Did I really just do that? Did I really just hand in a job application at McDonald’s?
For a moment I picture myself hopping over that counter and strangling anyone in my way to get that piece of paper back.
I reach for the door, but then stop. I can’t leave this place without that stupid piece of paper. I take cautious steps toward the cashier.
“Did you need help with anything else?” she asks politely.
I want to say, “Yes. Yes, I do. I really need that application back. See, it’s all just a big joke, ha ha ha.” But instead I find myself saying, “Yeah, actually, can I get medium fries please?”
This happened two weeks ago, too. I walked inside determined to get an application. As I approached the counter, confident in my application-asking abilities, I blurted out, “So, um, can you do me a favor? Sorry. I’m really nervous…can I…can I have . . . a number 10, please?” I enter with the intentions of leaving with an application and end up leaving with a 10-piece Chicken McNuggets and a Coke.
As I munched on my “made with white meat” nuggets, I wondered how I could have gotten so frazzled. This is just a journalism assignment. This is my contribution to the world of literary journalism. This should have been a piece of cake.
Move over, Stephen Crane. This is a new type of experiment in misery.
Out of all the ideas that might come to mind for a journalism assignment, how did I wrap my head around working at McDonalds? First off, I don’t do uniforms. Long ago I decided that no uniform would be in my future. I also hate working with food. I feel like I’m going to be the one who gives half the country food poisoning. Paranoid? Definitely. Feasible? Absolutely.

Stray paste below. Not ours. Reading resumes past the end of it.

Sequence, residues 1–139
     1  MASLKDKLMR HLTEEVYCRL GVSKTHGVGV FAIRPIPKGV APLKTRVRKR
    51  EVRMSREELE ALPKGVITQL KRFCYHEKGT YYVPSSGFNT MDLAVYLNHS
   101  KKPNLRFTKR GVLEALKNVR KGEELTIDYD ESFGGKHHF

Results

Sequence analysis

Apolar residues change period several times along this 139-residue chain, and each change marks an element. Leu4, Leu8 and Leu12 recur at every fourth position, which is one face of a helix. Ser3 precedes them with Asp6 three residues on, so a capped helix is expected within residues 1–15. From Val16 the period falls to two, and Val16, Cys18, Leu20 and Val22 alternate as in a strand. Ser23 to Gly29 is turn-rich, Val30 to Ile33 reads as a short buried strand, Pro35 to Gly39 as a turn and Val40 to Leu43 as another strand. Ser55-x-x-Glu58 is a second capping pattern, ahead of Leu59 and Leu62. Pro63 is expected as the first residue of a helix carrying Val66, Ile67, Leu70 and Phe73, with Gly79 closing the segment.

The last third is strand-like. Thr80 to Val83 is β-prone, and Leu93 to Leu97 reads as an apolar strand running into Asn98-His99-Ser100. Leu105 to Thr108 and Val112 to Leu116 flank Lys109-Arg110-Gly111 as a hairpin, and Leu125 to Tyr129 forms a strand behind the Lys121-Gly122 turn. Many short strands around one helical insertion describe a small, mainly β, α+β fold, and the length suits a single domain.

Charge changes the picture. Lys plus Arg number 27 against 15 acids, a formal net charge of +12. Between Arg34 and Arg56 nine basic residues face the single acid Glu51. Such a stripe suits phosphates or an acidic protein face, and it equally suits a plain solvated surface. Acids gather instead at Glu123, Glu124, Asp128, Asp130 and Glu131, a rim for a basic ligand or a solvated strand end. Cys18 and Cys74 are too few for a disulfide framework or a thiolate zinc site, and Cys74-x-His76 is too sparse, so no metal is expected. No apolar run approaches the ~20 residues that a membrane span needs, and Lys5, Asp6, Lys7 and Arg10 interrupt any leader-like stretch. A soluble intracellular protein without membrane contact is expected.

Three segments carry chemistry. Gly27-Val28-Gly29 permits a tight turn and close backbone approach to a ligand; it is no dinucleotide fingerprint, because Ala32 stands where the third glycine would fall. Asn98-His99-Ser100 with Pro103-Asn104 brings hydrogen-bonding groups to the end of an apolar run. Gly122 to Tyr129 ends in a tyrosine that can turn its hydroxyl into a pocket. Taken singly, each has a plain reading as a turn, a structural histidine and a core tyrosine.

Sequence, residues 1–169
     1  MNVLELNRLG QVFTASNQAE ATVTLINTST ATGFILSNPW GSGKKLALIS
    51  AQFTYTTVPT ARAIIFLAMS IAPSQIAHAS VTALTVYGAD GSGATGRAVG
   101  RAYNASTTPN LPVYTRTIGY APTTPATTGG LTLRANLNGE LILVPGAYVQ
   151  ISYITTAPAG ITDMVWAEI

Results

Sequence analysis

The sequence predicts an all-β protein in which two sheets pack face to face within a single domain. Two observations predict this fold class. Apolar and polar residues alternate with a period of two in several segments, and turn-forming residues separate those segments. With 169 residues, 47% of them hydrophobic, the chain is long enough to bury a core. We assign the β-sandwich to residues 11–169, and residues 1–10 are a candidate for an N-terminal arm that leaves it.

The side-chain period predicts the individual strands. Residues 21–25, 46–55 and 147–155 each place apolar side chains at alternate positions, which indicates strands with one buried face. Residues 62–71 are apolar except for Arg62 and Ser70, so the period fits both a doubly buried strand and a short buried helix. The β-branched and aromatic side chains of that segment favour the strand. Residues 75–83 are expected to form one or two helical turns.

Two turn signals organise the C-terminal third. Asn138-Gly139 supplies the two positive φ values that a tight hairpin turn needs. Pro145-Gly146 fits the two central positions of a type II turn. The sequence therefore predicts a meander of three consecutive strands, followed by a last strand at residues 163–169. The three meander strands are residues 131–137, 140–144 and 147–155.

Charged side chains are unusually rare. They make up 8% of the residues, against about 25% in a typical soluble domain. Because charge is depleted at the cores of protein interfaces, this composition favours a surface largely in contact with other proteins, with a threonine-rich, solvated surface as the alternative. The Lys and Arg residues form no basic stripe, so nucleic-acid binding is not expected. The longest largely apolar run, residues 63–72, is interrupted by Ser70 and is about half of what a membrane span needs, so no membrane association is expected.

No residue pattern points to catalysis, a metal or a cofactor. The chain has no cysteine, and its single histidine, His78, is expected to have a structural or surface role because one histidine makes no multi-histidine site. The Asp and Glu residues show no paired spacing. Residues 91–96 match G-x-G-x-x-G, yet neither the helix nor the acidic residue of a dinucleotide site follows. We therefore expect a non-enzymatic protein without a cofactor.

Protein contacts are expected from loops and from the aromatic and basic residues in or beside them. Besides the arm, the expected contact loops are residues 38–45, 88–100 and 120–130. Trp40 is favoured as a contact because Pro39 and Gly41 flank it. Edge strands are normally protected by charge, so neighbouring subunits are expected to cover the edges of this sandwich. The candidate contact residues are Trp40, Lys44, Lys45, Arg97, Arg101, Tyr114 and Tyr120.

Most importantly, I swore to myself that I would never work in fast food. I would have to kill myself if I had to ask someone I knew,“Would you like fries with that?”
The night I finally picked up my application, I spent what felt like hours just staring at it. I finally picked up a pen.
Before that pen hit the paper, I thought about the possibility of making it all up. But then I remembered the “legal” obligation of telling the truth – the requirement to sign your name at the bottom and swear you didn’t forge an identity. As much fun as it might sound to create a new persona, I suddenly imagined myself somehow jailed for lying on a McDonald’s application. Coming out of my daydream, I found myself writing my real name.
Availability. Hmmm, well, my weekends can be kissed goodbye. That’s a great college story to tell: my friends are all out drinking every weekend, and I’m stuck in a uniform asking people if they want fries with that.
Employment history. This is the part where I get cocky. I think about how this is a downgrade from even my previous crappy part-time jobs. Barnes & Noble, Head Cashier, counting deposits worth a couple thousand dollars. Is that not enough for you? Two years of tutoring, executive board positions that make a kick-ass resume. Is that enough for you? Am I qualified enough to serve Big Macs yet?
Oh, boy. Education. Did you know they ask for your grade point average? Can you not be too stupid to work at McDonald’s? What will that do to my ego if they can’t hire me because my GPA isn’t up to their standards? Maybe I should stop filling this out. I don’t think I could take this type of rejection.
Oh, no. Race. I hate filling this part out. I never know what to put. Sure, I’m a white female, but I’m also one-eighth Mexican. There isn’t a box for people who are one-eighth Mexican. I’m either Latino or I’m not. I feel like I’m lying if I put I’m Latino, so I move away from that box in my effort to keep telling the truth about myself.
Hunter S. Thompson was on a constant search for the American Dream. With this assignment, I went on a hunt for it myself. I knew from the moment I committed to this idea, things wouldn’t work out how I imagined.